A Tibetan mastiff puppy, which historically belongs to "the oldest and most ferocious dog" breed in the world, was sold on Tuesday at a luxury dog fair in China for $2 million. The one-year-old Tibetan mastiff puppy’s twin cost the new owner another million, making the two dogs – at a total price of $3 million -- the most expensive dogs ever sold in the world, reported the Daily News on March 19, 2014.
The seller of the two one-year-old twin dogs is Zhang Gengyun, a Chinese dog breeder, who told the Qianjiang Evening News that the buyer was an affluent 56-year-old property developer from Qingdao. The sale took place at the luxury dog fair in the Zhejiang province on China’s east coast, and the buyer reportedly paid a total of 18 million yuan ($3 million) for the Tibetan mastiff twins with his credit card.
The Tibetan mastiff puppy which sold for the highest price is a golden-haired Tibetan mastiff which is 31.5 inches tall (80 centimeters) and weighs 200 pounds (90 kilograms). His twin brother is red haired.
Seller Gengyun denied any claims that the sale of the twin dogs was just a means to hype the price of the much desired dogs and that he was really reluctant to sell them.
Tibetan mastiffs have become a status symbol for the rich in China – but with the wrong owner – the dogs might turn from a sheep into a lion.
Historically, the large, slobbery dogs with massive amounts of hair were known to excel in herding sheep, protecting life stock, and guarding people’s homes. Because of their intelligence, alertness and instinctual behavior, Tibetan mastiffs owners must understand canine psychology and be willing and able to assume the primary leadership position. Without consistency and discipline, the dogs can turn into dangerous, unpredictable “lions.”
“At present, the Tibetan Mastiff is the oldest and most ferocious dog in the world,” reports the Journal of Genetics and Genomics in its article “Origin and phylogenetic analysis of Tibetan Mastiff based on the mitochondrial DNA sequence.”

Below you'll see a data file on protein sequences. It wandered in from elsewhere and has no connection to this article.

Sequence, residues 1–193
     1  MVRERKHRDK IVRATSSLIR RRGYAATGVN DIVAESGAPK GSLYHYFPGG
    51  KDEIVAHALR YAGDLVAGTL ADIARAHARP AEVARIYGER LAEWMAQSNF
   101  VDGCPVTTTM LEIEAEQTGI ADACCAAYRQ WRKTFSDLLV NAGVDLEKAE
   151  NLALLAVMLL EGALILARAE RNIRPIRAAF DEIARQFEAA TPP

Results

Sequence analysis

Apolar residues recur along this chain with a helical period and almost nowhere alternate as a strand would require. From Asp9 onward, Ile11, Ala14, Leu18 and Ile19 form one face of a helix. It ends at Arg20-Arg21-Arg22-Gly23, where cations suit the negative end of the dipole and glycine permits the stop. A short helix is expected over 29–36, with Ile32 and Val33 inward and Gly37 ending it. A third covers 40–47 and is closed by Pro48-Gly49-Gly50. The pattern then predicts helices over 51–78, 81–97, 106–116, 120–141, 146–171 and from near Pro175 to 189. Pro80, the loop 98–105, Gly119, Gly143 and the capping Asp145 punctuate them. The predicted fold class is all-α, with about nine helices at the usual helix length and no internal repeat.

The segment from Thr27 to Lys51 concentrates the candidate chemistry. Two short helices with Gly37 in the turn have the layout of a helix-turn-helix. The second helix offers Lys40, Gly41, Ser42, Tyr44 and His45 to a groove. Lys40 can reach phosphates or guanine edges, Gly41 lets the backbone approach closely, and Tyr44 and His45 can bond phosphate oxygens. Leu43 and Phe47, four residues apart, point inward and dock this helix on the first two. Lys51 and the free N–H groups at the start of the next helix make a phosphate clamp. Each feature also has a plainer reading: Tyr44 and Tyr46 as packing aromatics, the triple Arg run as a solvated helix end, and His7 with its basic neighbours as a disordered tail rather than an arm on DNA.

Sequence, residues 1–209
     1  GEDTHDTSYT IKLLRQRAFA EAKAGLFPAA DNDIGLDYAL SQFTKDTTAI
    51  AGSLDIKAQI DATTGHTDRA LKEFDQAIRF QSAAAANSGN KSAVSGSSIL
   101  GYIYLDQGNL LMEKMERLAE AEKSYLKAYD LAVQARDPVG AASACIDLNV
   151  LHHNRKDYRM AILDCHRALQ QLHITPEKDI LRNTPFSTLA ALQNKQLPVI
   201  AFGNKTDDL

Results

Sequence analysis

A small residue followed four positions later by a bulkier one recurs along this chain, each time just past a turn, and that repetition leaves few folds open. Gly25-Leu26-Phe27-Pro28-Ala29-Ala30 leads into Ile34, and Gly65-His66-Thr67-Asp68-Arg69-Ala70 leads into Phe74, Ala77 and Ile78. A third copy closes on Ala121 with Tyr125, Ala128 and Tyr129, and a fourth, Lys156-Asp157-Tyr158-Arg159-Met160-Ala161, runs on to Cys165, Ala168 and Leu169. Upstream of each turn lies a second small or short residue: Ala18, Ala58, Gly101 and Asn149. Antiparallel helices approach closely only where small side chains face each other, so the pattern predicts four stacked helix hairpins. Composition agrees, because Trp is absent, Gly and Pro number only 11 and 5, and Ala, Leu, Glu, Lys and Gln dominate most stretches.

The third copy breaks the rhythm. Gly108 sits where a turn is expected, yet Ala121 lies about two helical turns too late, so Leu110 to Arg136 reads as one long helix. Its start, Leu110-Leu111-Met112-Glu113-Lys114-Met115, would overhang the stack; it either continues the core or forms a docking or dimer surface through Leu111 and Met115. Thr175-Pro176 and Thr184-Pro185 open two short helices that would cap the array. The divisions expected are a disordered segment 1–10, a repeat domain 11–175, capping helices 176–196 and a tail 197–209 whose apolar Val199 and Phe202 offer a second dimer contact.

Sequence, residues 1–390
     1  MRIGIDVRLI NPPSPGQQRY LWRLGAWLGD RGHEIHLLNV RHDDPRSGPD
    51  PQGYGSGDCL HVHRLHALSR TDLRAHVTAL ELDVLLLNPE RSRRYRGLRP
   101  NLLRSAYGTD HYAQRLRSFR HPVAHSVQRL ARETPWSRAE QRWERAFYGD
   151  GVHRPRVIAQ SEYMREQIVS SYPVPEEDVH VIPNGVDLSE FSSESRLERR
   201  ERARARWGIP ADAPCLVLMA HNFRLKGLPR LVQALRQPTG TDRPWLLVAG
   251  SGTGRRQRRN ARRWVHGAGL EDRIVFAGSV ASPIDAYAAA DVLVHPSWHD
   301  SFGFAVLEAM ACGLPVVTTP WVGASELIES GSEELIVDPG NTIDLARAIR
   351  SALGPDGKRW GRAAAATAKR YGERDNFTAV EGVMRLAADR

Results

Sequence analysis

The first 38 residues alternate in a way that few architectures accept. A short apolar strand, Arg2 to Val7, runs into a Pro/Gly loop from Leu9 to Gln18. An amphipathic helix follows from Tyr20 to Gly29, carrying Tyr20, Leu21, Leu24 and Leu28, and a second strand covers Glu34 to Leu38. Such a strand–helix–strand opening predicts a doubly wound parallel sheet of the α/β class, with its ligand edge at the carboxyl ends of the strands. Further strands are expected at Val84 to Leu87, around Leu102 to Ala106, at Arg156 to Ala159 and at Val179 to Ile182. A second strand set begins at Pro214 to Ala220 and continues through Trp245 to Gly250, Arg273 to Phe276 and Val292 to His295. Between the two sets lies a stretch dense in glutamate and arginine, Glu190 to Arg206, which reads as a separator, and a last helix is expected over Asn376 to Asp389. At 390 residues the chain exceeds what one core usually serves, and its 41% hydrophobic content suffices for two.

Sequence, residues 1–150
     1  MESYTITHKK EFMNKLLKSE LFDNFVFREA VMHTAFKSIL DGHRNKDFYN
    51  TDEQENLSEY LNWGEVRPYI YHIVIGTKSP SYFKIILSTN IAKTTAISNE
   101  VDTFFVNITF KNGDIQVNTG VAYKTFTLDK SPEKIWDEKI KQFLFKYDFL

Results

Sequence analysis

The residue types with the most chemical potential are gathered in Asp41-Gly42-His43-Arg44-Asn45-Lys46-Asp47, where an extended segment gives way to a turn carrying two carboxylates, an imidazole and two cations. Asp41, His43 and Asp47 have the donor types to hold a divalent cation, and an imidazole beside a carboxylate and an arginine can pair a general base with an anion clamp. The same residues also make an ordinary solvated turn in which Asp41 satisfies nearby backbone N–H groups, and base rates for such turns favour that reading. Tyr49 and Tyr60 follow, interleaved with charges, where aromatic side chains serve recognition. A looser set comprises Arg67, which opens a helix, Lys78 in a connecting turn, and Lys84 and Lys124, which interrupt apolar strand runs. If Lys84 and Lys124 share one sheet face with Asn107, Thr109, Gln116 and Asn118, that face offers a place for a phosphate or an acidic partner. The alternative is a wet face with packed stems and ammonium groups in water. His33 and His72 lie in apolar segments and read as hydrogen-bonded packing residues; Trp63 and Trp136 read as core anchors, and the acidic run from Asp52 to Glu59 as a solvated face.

“Tibetan Mastiffs have exceptionally strong jaws and teeth, and this, combined with remarkably high intelligence (that lends to boredom) and their legendary fondness for wood, can result in amazingly destructive acts to your house,” reports the American Kennel Club which lists the Tibetan Mastiff as AKC's 155th breed.
Historically, Marco Polo described the dogs in Tibet as large as donkeys, and Jesuit missionaries in the 17th Century, wrote about “the ferocious, huge dogs” that were traditionally left behind to guard the tents and the children. The dogs were expected to defend the flocks of goats, sheep and yak, the women and the children and the tents of their masters against predators such as wolves and snow leopards, as well as human intruders.
Today, pure bred Tibetan Mastiffs are hard to find in Tibet, Nepal, Bhutan, and other Himalayan regions, but they are still being bred by nomads in some regions and at times sold at the Barkhor market that surrounds the Jokhang Temple, the holiest temple for Tibetan Buddhists.
Quite interestingly, the American Kennel Club reports that “Tibetans believe that Tibetan Mastiffs have the souls of monks and nuns who were not good enough to be reincarnated into people or into Shambhala (the heavenly realm).” Given the history between China and Tibet, many Tibetans might be hoping that the two “cute” Tibetan Mastiffs still have some of their ancestral blood in them – and be truly worth the $3 million.